That intersection of myth and science was thrilling, and even if I’m completely wrong about the connection in this case, I don’t care, it ought to be true.

However, I saw a second intersection of myth and science during my stay in Washington, but this one wasn’t thrilling at all.

One day, an old friend, a conservative Christian, tried to hold a conversation with me about the blood moon prophecy. If you’ve never heard of it, it’s a belief in fringier Christian circles that a tetrad –four consecutive lunar eclipses within two years– is a sign of the end times and the second coming of Christ, as described in the Books of Joel, Acts, and Revelations. “The sun will turn into darkness, and the moon into blood, before the great and terrible day of the Lord comes.”

The prophecy was a big deal among the apocalyptisphere last year, when a book promoting it hit the top of the bestseller lists. But the 2014-2015 tetrad ended in nothing happening, which resulted in the main proponent of the prediction taking it down from his website. But because of some blood moons this year, my friend anticipated another tetrad, and maybe this time the prophecy would work. As usual, his conversation was cryptic, since I think he knows how crazy the prophecy sounds. Mostly he hinted at the coming of the end times by citing the dates of recent lunar eclipses and how they line up with Jewish holy days, and then asking who I thought might be the abomination of desolation standing in the holy place– that is, the antichrist, another sign of the end times. Since my friend is also a political conservative, I knew where he was headed–so I offered my own opinion. I suggested that if the holy place means the oval office, the abomination would not be Clinton, but could be Donald Trump if he becomes president.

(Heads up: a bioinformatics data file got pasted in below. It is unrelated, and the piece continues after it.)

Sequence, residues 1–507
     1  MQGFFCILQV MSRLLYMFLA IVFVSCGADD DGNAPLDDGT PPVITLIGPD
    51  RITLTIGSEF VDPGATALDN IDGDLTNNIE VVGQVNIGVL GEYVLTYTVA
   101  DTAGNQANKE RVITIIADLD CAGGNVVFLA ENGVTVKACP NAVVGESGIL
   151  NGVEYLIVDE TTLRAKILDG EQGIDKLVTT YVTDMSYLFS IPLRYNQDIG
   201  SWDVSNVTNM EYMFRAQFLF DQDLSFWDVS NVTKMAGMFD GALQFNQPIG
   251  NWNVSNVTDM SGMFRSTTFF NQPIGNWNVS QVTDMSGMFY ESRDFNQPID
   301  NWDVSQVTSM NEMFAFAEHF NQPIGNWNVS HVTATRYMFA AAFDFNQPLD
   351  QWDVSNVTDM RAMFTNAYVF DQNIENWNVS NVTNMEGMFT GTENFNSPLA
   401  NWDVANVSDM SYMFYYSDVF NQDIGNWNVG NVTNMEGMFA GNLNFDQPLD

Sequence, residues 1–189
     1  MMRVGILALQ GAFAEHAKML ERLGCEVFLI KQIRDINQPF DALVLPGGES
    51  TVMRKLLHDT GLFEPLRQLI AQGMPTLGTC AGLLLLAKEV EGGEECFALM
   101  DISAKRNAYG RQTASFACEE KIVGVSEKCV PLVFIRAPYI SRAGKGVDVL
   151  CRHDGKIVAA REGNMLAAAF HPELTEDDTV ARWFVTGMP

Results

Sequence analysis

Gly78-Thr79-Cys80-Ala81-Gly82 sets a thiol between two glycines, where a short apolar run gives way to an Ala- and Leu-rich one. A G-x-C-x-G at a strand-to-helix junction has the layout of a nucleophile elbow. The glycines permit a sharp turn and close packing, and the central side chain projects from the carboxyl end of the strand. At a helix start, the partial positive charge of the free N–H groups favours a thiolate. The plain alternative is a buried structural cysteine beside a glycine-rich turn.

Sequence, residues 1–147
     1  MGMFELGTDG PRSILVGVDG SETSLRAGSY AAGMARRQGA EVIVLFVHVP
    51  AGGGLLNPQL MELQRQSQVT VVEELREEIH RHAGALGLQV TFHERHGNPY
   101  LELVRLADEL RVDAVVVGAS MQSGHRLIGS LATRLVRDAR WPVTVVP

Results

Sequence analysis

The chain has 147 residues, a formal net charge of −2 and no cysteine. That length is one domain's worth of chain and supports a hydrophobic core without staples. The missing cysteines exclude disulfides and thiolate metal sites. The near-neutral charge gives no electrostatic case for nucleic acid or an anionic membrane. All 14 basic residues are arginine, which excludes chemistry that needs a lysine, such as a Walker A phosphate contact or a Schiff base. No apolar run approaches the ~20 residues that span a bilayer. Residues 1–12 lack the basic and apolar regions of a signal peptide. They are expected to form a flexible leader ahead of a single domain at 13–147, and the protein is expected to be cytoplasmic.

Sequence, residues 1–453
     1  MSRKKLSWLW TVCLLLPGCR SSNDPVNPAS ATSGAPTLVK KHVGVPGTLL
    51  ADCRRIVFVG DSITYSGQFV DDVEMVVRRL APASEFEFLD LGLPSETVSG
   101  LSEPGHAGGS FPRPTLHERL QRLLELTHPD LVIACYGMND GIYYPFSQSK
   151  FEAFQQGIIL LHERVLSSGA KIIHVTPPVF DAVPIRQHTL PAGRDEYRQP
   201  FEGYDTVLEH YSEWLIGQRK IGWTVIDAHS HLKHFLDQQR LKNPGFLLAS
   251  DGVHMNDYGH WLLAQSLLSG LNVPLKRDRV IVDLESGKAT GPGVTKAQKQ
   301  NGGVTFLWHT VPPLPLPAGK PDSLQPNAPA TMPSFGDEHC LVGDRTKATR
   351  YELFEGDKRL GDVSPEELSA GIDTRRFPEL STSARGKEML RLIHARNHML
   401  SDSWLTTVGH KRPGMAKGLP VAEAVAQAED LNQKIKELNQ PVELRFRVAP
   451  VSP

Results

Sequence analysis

Legends like the Thunderbird and the Whale and the Biblical apocalypse are very, very old, maybe going back to prehistoric times, when people had no knowledge of the scientific causes of whale fossils or lunar eclipses. They made up stories in order to make some kind of sense out of these scientific mysteries.

But the modern Blood moon prophets –I suppose unwilling to shake magical thinking– do the opposite–they use science to try to prove that the myths are true.

Note: This is an essay that I presented at a Penn and Pencil Club reading this fall, before the election. I wrote it with the presumption that Hillary Clinton would win, but now that Trump will be president, I comprehend the irony of my argument. I was being sarcastic about the abomination of desolation, but now that prophecy does seem too close for comfort!